If my memory serves me well, it was perhaps the second or third year of Nintendo’s very existence when the Super Mario makers wanted/needed to rise above the din of holiday shopping toy lists.
The fledgling gamer brand decided to resort to the old PR standby to make news: a seemingly scientific survey. The “North Pole Poll” was born.
The Gallup poll, fielded at shopping malls across the country, asked families what their top toy picks would be for the holidays. They choose from a pre-selected list of popular toys. And the winner was…Nintendo!
We released the survey results to coincide with Black Friday (today), which, back then offered a still-fertile news hook for the start of the holiday shopping season. A satellite-fed VNR propelled the story onto local TV news, which propelled Mario into Super Mario.
Of course, the company didn’t have the Playstation or XBox franchises to contend with, which brings us to the point of today’s post. News is made when a story defies conventional wisdom or expectation. We didn’t expect the Wii to produce the same kind of frenzied fans and eye-popping graphics as its two formidable foes. This, from Seth Schiesel in today’s New York Times:
“Nintendo realized years ago that it simply did not have the financial and technical resources to compete with Microsoft and Sony in vying for those hard-core gamers who always want the latest, snazziest graphics, the most realistic physics modeling and all of the other bells and whistles that top-end systems so amply provide. “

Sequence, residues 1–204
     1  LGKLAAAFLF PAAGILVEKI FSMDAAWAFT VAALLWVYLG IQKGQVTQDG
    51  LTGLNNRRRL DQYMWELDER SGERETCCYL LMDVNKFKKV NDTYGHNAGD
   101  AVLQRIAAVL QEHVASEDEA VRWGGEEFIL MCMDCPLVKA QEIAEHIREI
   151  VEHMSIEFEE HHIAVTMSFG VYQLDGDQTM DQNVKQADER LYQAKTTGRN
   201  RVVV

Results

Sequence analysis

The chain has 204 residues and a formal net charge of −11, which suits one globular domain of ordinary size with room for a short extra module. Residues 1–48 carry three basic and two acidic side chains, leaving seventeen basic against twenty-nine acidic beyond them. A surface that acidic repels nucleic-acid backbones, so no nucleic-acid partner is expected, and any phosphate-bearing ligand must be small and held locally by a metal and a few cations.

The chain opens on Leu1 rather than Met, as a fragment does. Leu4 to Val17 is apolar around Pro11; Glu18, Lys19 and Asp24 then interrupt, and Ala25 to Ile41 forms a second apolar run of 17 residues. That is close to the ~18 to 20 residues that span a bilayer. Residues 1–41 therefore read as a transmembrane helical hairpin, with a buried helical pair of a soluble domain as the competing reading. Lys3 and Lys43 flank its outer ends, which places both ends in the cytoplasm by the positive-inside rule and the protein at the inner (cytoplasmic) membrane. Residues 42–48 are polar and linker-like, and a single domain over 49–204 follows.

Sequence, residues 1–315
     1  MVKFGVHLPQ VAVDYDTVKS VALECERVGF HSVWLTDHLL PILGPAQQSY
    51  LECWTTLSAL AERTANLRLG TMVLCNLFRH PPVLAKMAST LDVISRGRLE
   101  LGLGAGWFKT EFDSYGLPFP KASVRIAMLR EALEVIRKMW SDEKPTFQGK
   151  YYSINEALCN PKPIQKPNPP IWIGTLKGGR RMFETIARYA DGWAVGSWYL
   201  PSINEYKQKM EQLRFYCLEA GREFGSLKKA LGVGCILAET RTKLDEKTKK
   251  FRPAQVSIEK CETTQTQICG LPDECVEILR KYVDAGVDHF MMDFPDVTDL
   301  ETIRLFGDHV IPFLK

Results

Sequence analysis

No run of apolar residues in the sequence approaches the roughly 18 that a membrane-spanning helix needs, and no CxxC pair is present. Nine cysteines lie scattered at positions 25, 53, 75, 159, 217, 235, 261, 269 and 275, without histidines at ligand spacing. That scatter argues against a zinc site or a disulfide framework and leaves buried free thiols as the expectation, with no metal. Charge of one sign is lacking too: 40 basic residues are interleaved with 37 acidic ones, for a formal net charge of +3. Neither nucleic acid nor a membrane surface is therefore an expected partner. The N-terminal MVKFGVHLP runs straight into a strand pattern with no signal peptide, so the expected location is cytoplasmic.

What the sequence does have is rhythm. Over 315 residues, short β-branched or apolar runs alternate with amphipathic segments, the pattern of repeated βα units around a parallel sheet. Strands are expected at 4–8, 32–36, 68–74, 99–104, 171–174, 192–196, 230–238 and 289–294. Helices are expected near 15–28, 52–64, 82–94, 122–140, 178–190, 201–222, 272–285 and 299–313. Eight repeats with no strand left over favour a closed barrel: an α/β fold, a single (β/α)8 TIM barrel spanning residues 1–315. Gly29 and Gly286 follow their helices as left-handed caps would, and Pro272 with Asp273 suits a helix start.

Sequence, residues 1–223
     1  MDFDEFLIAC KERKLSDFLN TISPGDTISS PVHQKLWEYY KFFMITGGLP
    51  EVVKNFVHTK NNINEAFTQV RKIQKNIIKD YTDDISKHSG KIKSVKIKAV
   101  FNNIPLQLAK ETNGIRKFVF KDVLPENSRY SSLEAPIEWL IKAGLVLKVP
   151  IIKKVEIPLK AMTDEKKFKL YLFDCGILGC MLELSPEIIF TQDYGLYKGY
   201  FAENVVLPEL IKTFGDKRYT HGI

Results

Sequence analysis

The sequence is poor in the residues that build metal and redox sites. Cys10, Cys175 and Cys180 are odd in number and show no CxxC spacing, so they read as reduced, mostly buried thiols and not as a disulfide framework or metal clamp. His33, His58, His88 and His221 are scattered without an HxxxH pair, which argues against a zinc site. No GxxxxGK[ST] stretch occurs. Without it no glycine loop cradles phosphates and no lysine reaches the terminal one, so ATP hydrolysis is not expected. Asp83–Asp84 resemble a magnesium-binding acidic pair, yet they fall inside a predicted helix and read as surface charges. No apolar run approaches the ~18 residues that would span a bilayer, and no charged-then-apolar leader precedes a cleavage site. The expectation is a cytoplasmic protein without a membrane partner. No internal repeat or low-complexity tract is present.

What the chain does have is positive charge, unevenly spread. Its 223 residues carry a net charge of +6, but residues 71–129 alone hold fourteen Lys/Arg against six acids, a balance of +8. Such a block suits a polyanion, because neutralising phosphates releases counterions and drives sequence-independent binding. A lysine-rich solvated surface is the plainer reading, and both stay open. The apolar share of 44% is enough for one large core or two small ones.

Needless to say, the conventional wisdom didn’t hold out much hope for the later-debuting Nintendo Wii. How could it possibly compete with the cool consoles from SONY and Microsoft?
We awake this morning to two (and probably more) unconventionally upbeat reviews of the system that many had counted out. The New York Times’s Seth Schiesel writing about Wii in “Getting Everybody Back in the Game:”
“But for many people it will be the most fun, and thatâ€™s what really matters.”
The Washington Post’s Mike Musgrove’s unscientific PS3-Wii matchup (using his friends) produced this:
“By comparison, most of my friends arrived having heard little about Nintendo’s new system. But, as it turned out, that device was the hit of the party.”
Sure, the respective nine-figure marketing budgets from SONY and Microsoft may ultimately prove insurmountable for Mario and the gang. But there’s much to be gleaned from Nintendo’s lack of hyperbole in bowing its new game system. Musgrove’s headline: “In the Wii-PS3 Playoff, Nintendo Upsets Sony on the Fun Factor.”
Hey, if the ultimate underdog Rocky Balboa can make a comeback this holiday season, you better think twice before putting Nintendo down for the count.